Monday, November 02, 2009

When I grow up, I want to be an old woman...

Michelle ShockedI took time out to go and see Michelle Shocked play the Drill Hall yesterday. The Drill Hall is one of those venues where my possible pasts catch up with me big time, and I am amazed to see how so many of them have made it into the present.

I went (up) to Cambridge in October 1988, aged 18, outwardly stroppy and inwardly terrified. I look at some of the photos from that first year and I really cannot believe my own balls. But I guess that's what being 18 is all about. There was nobody like me (there still isn't, but hey, there's nobody like anybody, I know that now) but after a couple of weeks I met E, who was from Cheshire and wore leggings and DMs. I was from Lancashire and wore leggings and DMs, and for a good while we clung onto each other like two ports in a storm. She had a very cool older brother, who was in a band called Wild Bill Harzia and the Malarial Swamp Dogs (if memory serves) and who, more importantly, was in a position to get me a ticket to see Billy Bragg play the Corn Exchange.

Now, I'd had a ticket to see Billy Bragg before. In September 1987, he'd played Blackpool Opera House and E had sorted us out with good seats. But then about five days before the gig, round at our friend D's, he'd held me by the throat and punched the wall next to my stomach. It was one of those nights that creates a spike on the graph of your life. That was the end of me and E, and not before time, but I always kind of regretted not holding out for my ticket.

So there I was, on 16 November 1988, at my first Billy Bragg gig. I went on my own. I still have the T-shirt. And the poster. It was another of those nights... and the support act was Michelle Shocked. She blew me away. Short Sharp Shocked is still one of my favourite albums of all time.

What I didn't know then was that 1987 was a big year for her too - she came over to the UK for the first time, played the Drill Hall, and that was the start of something big. This was a kind of 20 years on celebration of that, and the journey. And it was moving. Michelle Shocked has made it into the present big time. She played Memories of East Texas, and I cried, like I did when I first heard it 20 years ago. It's so weird to have an adult life that stretches out so far, with these powerful constants in it. In many ways she's a thoroughly modern heroine, and I am in awe. But these days she's also a serious god-botherer, and, you know, whatever works, but personally I can't be doing with that sheeeeeit.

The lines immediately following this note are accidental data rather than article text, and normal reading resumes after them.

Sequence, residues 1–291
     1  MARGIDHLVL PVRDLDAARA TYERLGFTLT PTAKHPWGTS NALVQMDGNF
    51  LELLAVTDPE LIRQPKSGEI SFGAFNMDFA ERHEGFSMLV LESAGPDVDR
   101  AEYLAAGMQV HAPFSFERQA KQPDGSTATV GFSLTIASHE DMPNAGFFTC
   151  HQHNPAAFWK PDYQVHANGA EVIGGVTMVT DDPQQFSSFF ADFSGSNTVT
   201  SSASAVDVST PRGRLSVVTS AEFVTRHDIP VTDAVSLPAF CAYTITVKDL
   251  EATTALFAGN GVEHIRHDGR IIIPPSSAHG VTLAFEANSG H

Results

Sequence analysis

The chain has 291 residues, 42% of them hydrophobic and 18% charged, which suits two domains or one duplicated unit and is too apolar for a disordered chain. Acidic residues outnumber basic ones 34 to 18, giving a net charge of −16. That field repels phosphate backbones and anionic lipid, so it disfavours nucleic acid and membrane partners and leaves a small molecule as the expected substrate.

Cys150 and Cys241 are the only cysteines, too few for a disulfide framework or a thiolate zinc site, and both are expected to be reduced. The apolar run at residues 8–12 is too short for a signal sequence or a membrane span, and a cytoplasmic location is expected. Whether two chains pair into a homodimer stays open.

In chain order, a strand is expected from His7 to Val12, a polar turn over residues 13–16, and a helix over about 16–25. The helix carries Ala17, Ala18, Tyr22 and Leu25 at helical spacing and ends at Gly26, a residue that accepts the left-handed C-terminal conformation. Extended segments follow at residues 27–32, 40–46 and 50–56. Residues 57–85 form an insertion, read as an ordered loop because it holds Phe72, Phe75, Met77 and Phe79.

I came away with a whole range of things to think about, none of which I'd really expected. And I'm still thinking about them. I feel a bit like the walking wounded. And not just because of my foot.

joella

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1 Comments:

Anonymous jonathan said...

Ooh Michelle Shocked. I saw her at Newcastle Riverside in what may have been the same tour you remember. 'If Love Was A Train' was the only song I knew cos I had it on an indiepop compilation (where it nestled, a little uncomfortably perhaps, alongside more poppy girl-fronted acts like the Darling Buds and the Primitives). I suppose I thought of Michelle as a female version of Billy Bragg, which (for all that I love Billy Bragg) is not really doing her justice from the sound of the lasting resonance she has with you...

8:20 pm  

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